• We’ve now imported the jasmine module, as well as the Jasmine type definitions, into our project; and we’ve imported moq.ts, a mocking library, which we’ll discuss below.
  • We’ve also added a new test script, which will run a build and then execute Jasmine, passing in a configuration file that we will create shortly.

Run npm install from a command line/terminal to restore the packages, and then create a new file named jasmine.json with the following contents:

We’ll understand a little more about this file as we go on, but for now, we just need to understand that this file defines the Jasmine specification files that we’ll be testing against. Now let’s add our Jasmine test specification so we can see this in action.

Starting Our Test Specification

Let’s start by writing a simple test. Create a folder named spec, and within it, create a file named getGroupedOrdersImpl.spec.ts. Add the following code to it:

This code does the following:

  • It sets up a new Jasmine spec named getGroupedOrdersImpl. This is the name of the method we’re testing for clarity, but it doesn’t need to match – you could name the spec whatever you want.
  • Within that spec, we have a test case named should return an empty array.
  • That test executes the getGroupedOrdersImpl function, passing in an empty array, and a null object to represent the Collection.
  • Then the test confirms that the result of that function call is an empty array.

This is a fairly simple test – we’ll see a slightly more complex one in a moment. For now, though, let’s get this running.

There’s one step we need to do before we can execute our test. If we tried to run it now, Jasmine would complain that it can’t find the getGroupedOrdersImpl method. This is because of the way that JavaScript modules work. Our code needs to export its externally accessible methods so that the Jasmine test can see it. Normally, exporting a module from a Cosmos DB JavaScript file will mean that Cosmos DB doesn’t accept the file anymore – we’ll see a solution to that shortly.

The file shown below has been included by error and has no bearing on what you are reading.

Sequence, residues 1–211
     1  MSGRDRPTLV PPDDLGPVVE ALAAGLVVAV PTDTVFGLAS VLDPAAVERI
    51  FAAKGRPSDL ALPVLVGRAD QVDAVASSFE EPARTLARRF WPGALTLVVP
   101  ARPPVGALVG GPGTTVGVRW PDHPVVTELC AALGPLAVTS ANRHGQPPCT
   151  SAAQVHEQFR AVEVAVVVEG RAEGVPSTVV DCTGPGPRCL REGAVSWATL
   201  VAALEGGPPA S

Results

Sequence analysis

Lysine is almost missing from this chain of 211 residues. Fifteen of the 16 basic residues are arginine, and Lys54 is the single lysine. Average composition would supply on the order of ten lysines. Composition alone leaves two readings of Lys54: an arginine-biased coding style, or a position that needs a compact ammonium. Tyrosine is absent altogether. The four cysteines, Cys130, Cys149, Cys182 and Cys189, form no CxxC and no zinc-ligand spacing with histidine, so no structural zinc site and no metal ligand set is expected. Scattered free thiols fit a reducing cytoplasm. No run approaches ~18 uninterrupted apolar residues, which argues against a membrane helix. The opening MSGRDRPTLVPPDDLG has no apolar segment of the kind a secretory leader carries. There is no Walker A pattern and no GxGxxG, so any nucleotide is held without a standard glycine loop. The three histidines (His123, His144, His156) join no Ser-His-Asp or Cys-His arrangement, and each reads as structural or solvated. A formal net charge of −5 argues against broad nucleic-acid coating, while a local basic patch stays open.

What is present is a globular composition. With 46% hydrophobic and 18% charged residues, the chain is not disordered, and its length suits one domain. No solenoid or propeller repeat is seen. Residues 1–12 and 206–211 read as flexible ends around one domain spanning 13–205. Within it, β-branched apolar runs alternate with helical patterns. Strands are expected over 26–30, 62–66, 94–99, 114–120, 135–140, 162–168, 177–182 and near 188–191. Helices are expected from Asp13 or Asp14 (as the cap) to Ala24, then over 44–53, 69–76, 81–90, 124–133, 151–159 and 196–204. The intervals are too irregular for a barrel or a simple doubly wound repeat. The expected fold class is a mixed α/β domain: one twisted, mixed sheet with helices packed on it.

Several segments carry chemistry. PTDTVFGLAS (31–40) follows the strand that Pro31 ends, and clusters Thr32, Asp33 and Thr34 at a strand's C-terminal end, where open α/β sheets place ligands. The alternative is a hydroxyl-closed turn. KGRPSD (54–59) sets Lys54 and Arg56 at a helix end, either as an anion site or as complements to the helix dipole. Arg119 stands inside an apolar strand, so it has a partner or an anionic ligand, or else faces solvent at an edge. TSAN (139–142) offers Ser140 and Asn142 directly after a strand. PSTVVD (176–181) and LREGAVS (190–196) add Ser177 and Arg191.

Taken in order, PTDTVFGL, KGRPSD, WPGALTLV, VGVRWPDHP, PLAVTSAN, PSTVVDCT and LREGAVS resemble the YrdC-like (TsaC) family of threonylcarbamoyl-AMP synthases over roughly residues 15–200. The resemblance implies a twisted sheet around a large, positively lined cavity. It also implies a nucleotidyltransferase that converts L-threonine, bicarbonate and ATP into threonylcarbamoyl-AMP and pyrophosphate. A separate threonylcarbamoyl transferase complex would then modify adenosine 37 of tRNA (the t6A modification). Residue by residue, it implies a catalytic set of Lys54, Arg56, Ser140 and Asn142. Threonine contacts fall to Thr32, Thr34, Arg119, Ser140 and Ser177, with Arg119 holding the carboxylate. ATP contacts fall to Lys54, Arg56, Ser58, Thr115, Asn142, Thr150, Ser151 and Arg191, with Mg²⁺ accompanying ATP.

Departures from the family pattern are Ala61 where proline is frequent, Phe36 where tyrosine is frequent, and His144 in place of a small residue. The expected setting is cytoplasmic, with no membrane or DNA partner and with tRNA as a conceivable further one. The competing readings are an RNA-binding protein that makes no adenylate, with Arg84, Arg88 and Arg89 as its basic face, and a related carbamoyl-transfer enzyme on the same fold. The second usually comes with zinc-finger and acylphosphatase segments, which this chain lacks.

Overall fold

Open up the src/getGroupedOrders.ts file, and add the following at the very bottom of the file:

The export statement sets up the necessary TypeScript compilation instruction to allow our Jasmine test spec to reach this method.

Now let’s run our test. Execute npm run test, which will compile our stored procedure (including the export), compile the test file, and then execute Jasmine. You should see that Jasmine executes the test and shows 1 spec, 0 failures, indicating that our test successfully ran and passed. Now let’s add some more sophisticated tests.

Adding Tests with Mocks and Spies

When we’re testing code that interacts with external services, we often will want to use mock objects to represent those external dependencies. Most mocking frameworks allow us to specify the behaviour of those mocks, so we can simulate various conditions and types of responses from the external system. Additionally, we can use spies to observe how our code calls the external system.

Jasmine provides a built-in mocking framework, including spy support. However, the Jasmine mocks don’t support TypeScript types, and so we lose the benefit of type safety. In my opinion this is an important downside, and so instead we will use the moq.ts mocking framework. You’ll see we have already installed it in the package.json.

Since we’ve already got it available to us, we need to add this line to the top of our spec/getGroupedOrders.spec.ts file:

This tells TypeScript to import the relevant mocking types from the moq.ts module. Now we can use the mocks in our tests.

Let’s set up another test, in the same file, as follows:

This test does a little more than the last one:

  • It sets up a mock of the ICollection interface.
  • This mock will send back a hard-coded string (self-link) when the getSelfLink() method is called.
  • It also provides mock behaviour for the queryDocuments method. When the method is called, it invokes the callback function, passing back a list of documents with a single empty string, and then returns true to indicate that the query was accepted.
  • The mock.object() method is used to convert the mock into an instance that can be provided to the getGroupedOrderImpl function, which then uses that in place of the real Cosmos DB collection. This means we can test out how our code will behave, and we can emulate the behaviour of Cosmos DB as we wish.
  • Finally, we call mock.verify to ensure that the getGroupedOrdersImpl function executed the queryDocuments method on the mock collection exactly once.

You can run npm run test again now, and verify that it shows 2 specs, 0 failures, indicating that our new test has successfully passed.

Now let’s fill out the rest of the spec file – here’s the complete file with all of our test cases included:

You can execute the tests again by calling npm run test. Try tweaking the tests so that they fail, then re-run them and see what happens.

Building and Running